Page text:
The UN Convention for the Suppression of the Traffic in Persons and of the Exploitation of the Prostitution of Others has a much broader definition of what constitutes trafficking than most sex workers’ rights organizations:
Article 1: The Parties to the present Convention agree to punish any person who, to gratify the passions of another: (1) Procures, entices or leads away, for purposes of prostitution, another person, even with the consent of that person; (2) Exploits the prostitution of another person, even with the consent of that person.
A Penny For Your Thoughts. Retrieved from https://penny.mzwaan.pt/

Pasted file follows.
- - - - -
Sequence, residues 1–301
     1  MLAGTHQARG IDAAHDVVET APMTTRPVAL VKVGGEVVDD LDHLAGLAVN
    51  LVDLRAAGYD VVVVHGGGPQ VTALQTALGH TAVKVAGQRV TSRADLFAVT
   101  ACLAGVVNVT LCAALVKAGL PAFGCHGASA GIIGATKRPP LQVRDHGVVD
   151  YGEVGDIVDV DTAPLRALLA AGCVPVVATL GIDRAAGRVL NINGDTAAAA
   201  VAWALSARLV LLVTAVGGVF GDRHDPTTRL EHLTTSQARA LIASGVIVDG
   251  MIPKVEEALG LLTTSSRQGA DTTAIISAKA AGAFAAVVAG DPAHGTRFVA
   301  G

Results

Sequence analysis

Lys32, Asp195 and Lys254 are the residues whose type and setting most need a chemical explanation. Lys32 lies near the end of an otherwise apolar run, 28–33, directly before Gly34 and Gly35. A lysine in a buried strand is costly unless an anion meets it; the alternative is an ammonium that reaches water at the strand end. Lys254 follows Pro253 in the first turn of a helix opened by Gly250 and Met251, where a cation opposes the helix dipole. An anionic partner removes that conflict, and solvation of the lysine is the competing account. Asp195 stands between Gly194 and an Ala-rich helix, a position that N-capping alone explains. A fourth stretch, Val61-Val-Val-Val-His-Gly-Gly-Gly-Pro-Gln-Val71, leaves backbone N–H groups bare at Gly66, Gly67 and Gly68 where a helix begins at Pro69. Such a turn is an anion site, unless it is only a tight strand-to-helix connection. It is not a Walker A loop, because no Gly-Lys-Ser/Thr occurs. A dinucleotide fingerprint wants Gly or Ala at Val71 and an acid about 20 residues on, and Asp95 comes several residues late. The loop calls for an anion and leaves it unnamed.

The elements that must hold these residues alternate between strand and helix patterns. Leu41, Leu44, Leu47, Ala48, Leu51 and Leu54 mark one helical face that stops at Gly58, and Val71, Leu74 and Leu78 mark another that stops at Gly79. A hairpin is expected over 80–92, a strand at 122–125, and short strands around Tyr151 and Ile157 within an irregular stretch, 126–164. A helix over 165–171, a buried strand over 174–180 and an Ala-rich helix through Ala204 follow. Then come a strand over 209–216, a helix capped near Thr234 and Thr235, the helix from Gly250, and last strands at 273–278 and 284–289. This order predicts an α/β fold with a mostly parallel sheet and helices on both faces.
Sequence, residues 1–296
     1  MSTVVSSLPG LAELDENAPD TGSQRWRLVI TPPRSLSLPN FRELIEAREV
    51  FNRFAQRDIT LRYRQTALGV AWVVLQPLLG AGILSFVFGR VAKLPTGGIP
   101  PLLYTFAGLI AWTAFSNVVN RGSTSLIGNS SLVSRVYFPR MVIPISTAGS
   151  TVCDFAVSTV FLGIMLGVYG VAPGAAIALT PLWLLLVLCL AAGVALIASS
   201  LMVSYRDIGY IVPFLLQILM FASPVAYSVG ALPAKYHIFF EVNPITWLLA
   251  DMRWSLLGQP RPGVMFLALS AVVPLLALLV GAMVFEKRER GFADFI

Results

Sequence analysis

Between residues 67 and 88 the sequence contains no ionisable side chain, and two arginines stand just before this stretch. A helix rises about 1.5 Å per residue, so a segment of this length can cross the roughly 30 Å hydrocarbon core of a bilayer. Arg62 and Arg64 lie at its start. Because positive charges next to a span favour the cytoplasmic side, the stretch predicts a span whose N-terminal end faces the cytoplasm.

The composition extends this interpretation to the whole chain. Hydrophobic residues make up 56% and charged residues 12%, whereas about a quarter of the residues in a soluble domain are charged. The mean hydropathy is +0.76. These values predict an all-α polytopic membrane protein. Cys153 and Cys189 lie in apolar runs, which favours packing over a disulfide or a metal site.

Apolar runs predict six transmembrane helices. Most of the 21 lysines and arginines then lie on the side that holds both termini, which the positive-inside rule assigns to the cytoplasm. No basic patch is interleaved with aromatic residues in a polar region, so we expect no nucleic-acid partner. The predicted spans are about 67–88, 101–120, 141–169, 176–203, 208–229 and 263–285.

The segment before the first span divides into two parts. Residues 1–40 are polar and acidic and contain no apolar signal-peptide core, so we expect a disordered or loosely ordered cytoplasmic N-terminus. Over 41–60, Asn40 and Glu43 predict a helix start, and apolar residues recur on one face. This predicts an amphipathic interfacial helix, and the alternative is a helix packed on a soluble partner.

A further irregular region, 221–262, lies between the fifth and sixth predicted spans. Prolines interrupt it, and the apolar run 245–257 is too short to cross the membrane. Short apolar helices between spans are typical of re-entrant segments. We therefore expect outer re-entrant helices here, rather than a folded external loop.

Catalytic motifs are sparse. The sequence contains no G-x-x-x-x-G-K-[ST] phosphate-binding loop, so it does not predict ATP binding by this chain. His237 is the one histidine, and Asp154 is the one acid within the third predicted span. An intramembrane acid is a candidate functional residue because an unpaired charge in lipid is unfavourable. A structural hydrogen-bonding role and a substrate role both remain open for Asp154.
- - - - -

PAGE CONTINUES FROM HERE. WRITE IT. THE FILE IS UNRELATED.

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Convention for the Suppression of the Traffic in Persons and of the Exploitation of the Prostitution of Others, New York, 21st of March 1950. United Nations. Treaty Series , vol. 96, p. 271, available from https://treaties.un.org/pages/ViewDetails.aspx?src=IND&mtdsg_no=VII-11-a&chapter=7&clang=_en.
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Stop Human Trafficking. Retrieved from http://www.stoptraffick.ie/
We Don’t Buy It. Retrieved from http://wedontbuyit.eu/